A Quiet Evolution: The Emergence of Indigenous-Local Intergovernmental Partnerships in Canada
Published: November 2017© 2016
180 Pages, 6.00 x 9.00 x 0.40 in
Much of the coverage surrounding the relationship between Indigenous communities and the Crown in Canada has focused on the federal, provincial, and territorial governments. Yet it is at the local level where some of the most important and significant partnerships are being made between Indigenous and non-Indigenous peoples.
In A Quiet Evolution, Christopher Alcantara and Jen Nelles look closely at hundreds of agreements from across Canada and at four case studies drawn from Ontario, Quebec, and Yukon Territory to explore relationships between Indigenous and local governments. By analyzing the various ways in which they work together, the authors provide an original, transferable framework for studying any type of intergovernmental partnership at the local level. Timely and accessible, A Quiet Evolution is a call to politicians, policymakers and citizens alike to encourage Indigenous and local governments to work towards mutually beneficial partnerships.
Chapter 1: Indigenous – Local Agreements in Canada: An Analysis of Regional and Historical Trends
Chapter 2: The Roots of Collective Action: A Theoretical Framework
Chapter 3: Business as Usual: Sault Ste. Marie, Garden River and Batchewana
Chapter 4: Strong Synergy: Village of Teslin and Teslin Tlingit Council
Chapter 5: In the Loop: Village of Haines Junction and Champagne and Aishihik First Nations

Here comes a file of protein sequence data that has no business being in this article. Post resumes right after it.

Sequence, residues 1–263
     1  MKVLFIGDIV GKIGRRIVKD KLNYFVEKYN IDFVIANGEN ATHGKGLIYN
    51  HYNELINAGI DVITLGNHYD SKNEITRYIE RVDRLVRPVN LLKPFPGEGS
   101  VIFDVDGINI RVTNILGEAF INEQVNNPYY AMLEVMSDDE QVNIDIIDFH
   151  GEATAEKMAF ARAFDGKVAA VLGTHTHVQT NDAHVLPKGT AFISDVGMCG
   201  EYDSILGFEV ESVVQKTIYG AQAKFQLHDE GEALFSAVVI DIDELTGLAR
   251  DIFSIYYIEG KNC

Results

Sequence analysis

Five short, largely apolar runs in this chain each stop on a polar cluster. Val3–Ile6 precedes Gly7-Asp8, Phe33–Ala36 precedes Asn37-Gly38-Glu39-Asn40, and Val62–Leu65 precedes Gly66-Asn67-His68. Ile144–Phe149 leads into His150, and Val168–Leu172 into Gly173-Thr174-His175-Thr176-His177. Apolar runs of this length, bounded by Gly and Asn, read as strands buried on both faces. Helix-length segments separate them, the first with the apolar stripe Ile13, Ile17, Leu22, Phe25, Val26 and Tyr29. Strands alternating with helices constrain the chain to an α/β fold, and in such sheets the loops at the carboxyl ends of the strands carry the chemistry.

Chapter 6: Agreement Centred: Regional Municipality of Les Basques and Malécite de Viger First Nations
‘This is a fine systematic study of a ‘quiet’ process – emergence of partnerships between First Nations and local governments – which may be useful in other countries such as the US (in states with reservations) and Australia…. Highly recommended.’G.A. McBeath, Choice Magazine vol 54:05:2017
‘Alcantara and Nelles’s book is a glorious example of social and political science interacting with the law… A Quiet Evolution is a fantastic guide for anybody interested in this area of law.’Thomas L. Fransoo, Saskatchewan Law Review vol 80:2017
“This book tells an important and compelling story about how Indigenous and local governments in Canada are quietly working together to improve their communities, coordinate their policies, and jointly manage their programs, services, and mutual interests. While most commentators focus on federal and provincial relations, Alcantara and Nelles show that it is at the local level where some of the most fruitful dialogue and cooperative partnerships are occurring between Indigenous and non-Indigenous communities. A Quiet Evolution is a must read for political leaders, policymakers, and everyday citizens who want practical yet transformative strategies for improving Indigenous–Canadian relations.”The Right Honourable Paul Martin, Former Prime Minister of Canada and founder of the Martin Aboriginal Education Initiative
“A Quite Evolution is not responding to public whims or political rhetoric. Christopher Alcantara and Jen Nelles have the insight and perception necessary to look beyond the headlines and to see the potential for collaboration across the country.”Ken Coates, School of Public Policy, University of Saskatchewan